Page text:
The Police Interpretive Centre is located on the second floor of the Police Administration Building at 316 – 7 Avenue S.E. The centre is open on Saturdays from 12 p.m. to 4 p.m., but closed on long weekends. Over the summer, the centre will be open from Monday to Friday from 10 a.m. to 4 p.m. Admission is free. For more information, visit www.youthlinkcalgary.com/about_the_centre.html.

Firefighters Museum of Calgary

Good things come in small packages, and this includes the Firefighters Museum of Calgary.

“We are a small museum, but that’s what we play for. Here you get a lot of one-on-one interaction, and we try to make it more personal,” says Rebecca Melenka, supervisor of the museum.

Established in 1986, the museum was started by volunteers, says Melenka. The volunteers collected over 12,000 artifacts and memorabilia relating to firefighting and the history of Calgary, she says.

Of course not all the artifacts can be displayed, but those that are on display are interesting to see, but the favourite displays have everyone see red.

“People love the trucks,” says Melenka.

And the museum showcases many trucks, including a fully restored truck named “Maggie,” in the middle of the museum. With an 80 foot-long wooden ladder, and bright red paint, this truck is beautiful.

Aimed particularity for Grade 6 students, the Calgary Police Interpretive Centre aims to teach students about making good choices through their interactive exhibits.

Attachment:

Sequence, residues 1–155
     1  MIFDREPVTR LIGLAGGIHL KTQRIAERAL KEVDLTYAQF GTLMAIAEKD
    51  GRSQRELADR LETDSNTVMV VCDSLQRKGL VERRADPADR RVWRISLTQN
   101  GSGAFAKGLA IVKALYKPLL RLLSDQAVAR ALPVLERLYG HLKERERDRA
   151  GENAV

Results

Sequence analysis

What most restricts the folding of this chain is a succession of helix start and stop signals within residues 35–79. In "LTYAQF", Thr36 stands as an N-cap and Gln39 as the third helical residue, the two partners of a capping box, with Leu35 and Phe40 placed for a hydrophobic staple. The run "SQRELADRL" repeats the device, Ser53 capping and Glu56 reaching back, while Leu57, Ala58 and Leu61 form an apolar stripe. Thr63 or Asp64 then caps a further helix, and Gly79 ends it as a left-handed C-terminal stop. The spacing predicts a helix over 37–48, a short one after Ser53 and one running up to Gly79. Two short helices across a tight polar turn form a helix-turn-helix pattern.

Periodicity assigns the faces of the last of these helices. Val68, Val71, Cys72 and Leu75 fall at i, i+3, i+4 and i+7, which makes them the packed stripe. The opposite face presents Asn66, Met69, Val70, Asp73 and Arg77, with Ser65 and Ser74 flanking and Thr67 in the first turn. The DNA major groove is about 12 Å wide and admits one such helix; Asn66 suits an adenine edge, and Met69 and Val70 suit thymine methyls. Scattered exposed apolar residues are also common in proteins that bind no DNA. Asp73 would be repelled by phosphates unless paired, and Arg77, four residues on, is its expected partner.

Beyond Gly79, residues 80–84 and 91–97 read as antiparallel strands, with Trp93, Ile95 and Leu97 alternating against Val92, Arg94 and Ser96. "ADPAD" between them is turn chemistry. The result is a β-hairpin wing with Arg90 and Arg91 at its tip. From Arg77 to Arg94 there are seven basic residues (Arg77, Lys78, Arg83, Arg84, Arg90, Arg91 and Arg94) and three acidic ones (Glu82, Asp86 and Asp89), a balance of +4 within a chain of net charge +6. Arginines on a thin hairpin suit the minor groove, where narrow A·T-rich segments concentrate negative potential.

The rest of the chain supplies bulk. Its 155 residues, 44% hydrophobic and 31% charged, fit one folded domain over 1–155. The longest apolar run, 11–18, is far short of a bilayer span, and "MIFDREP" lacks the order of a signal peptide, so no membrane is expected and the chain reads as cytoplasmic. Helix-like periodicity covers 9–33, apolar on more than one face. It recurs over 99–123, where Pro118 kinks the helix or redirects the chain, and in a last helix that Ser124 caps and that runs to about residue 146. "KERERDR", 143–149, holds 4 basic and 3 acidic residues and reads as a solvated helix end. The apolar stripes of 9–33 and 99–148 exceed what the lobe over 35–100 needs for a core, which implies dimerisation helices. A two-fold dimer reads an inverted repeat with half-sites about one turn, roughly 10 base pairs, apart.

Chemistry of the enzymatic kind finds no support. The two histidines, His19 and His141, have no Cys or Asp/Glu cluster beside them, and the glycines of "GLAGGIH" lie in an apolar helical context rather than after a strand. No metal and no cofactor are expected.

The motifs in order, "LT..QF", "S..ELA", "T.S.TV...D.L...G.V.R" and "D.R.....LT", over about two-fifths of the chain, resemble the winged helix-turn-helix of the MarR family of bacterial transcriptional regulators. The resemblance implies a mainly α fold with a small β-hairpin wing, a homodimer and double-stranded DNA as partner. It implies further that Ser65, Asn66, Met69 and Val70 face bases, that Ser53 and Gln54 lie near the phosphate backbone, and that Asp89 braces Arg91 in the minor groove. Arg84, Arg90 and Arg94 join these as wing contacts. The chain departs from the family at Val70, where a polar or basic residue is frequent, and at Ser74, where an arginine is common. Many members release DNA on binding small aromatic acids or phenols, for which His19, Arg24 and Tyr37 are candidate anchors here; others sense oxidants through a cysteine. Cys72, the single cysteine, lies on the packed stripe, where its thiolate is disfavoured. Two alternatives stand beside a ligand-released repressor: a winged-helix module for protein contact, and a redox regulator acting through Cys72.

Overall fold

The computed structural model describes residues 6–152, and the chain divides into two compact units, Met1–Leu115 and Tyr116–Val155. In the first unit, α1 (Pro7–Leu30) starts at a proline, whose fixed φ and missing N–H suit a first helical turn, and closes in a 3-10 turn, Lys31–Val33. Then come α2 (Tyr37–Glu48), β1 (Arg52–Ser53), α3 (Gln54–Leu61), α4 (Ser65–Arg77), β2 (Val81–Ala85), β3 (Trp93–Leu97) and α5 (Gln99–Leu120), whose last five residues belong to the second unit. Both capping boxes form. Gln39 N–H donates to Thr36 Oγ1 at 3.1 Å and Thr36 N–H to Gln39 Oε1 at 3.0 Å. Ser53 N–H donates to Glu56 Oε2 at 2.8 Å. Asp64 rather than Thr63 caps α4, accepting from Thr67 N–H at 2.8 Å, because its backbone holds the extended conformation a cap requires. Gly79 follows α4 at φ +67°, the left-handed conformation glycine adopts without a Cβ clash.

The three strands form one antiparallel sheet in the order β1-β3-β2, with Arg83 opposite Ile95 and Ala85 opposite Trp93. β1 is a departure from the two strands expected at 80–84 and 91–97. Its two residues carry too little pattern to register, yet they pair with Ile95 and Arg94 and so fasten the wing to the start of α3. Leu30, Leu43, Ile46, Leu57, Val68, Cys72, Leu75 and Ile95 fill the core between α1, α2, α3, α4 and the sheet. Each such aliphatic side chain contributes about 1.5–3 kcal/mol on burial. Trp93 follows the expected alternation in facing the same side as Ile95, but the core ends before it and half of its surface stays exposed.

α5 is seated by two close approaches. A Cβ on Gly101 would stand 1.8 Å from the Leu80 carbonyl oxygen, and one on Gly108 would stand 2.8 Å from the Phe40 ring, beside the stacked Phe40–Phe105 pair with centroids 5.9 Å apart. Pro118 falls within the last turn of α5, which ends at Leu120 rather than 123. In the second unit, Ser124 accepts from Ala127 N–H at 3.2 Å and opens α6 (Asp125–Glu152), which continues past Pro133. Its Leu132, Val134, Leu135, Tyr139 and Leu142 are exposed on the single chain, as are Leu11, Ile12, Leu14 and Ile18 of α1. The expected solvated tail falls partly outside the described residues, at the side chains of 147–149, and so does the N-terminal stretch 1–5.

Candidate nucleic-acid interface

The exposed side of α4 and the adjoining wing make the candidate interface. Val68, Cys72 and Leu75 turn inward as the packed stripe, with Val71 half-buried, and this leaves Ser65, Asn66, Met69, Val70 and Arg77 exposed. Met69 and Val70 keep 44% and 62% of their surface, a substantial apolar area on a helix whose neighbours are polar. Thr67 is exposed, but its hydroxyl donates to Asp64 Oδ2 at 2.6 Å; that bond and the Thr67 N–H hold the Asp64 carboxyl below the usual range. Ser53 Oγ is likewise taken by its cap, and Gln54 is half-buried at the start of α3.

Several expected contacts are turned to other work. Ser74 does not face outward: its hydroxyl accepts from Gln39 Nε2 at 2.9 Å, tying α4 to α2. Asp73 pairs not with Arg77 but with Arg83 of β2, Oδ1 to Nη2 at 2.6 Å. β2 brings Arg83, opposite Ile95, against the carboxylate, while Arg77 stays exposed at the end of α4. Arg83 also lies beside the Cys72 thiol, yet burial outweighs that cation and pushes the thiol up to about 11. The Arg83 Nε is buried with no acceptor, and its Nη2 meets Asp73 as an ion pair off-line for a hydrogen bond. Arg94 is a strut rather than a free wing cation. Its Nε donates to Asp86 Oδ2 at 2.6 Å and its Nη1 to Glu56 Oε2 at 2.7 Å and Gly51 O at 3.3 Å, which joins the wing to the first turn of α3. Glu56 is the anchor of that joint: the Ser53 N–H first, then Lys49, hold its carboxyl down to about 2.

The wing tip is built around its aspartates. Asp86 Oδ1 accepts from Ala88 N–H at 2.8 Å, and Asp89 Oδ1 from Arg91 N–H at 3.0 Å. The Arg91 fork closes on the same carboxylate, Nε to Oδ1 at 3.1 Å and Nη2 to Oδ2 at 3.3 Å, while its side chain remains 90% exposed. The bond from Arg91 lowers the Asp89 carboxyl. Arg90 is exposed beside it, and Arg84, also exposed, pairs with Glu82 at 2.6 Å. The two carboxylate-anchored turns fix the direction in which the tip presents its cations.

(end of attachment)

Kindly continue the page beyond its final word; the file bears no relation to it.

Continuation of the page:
Photo by: Corinne Sato

The museum also holds about 10 fire trucks and wagons in a second building, all restored ranging from the early 1900s to the mid 1950s.

Across from “Maggie” sits an old steamer that ranges in date from 1898 to 1905. The large steamer is a blue-green colour, due to its exposure outside. Melenka says the museum hopes to restore the steamer right on site.

“It would be kind of like the Royal Tyrrell Museum – where visitors can watch people at work, uncovering the steamer,” she says.

Although this steamer is not originally from Calgary, Melenka says that the Calgary Fire Department did use a steamer to put out fires. Once restored, Melenka says she wants to make the steamer into a show piece – just like “Maggie.”

As a way to celebrate International Museum Day, the Firefighters Museum of Calgary will officially open to the public on May 18, from 10 a.m. to 3 p.m., and admission is free for the day.

Located at 4124 – 11 St S.E., the museum will be open on a regular basis Monday to Friday, 10 a.m. to 3 p.m., but will be closed on statutory holidays. For a list of admission prices, phone: 403-246-3322 or visit www.calgaryfirefightersmuseum.com.

May 18, is International Museum Day

Established in 1977, by the International Council of Museums, International Museum Day aims to raise awareness of the importance of museums in developing societies.

Many museums will have special events, features and special admission prices, to celebrate the day.

The Things to Do Section, encourages Calgarians to celebrate International Museum Day by visiting one or more of the museums featured in this month’s section:

• Blackfoot Crossing Museum

• Chinese Cultural Museum

• Gopher Hole Museum

• Aero Space Museum of Calgary

• Calgary Police Interpretive Centre

• And Firefighters Museum of Calgary

Source from International Council of Museum website:

http://icom.museum/what-we-do/activities/international-museum-day.html.

csato@cjournal.ca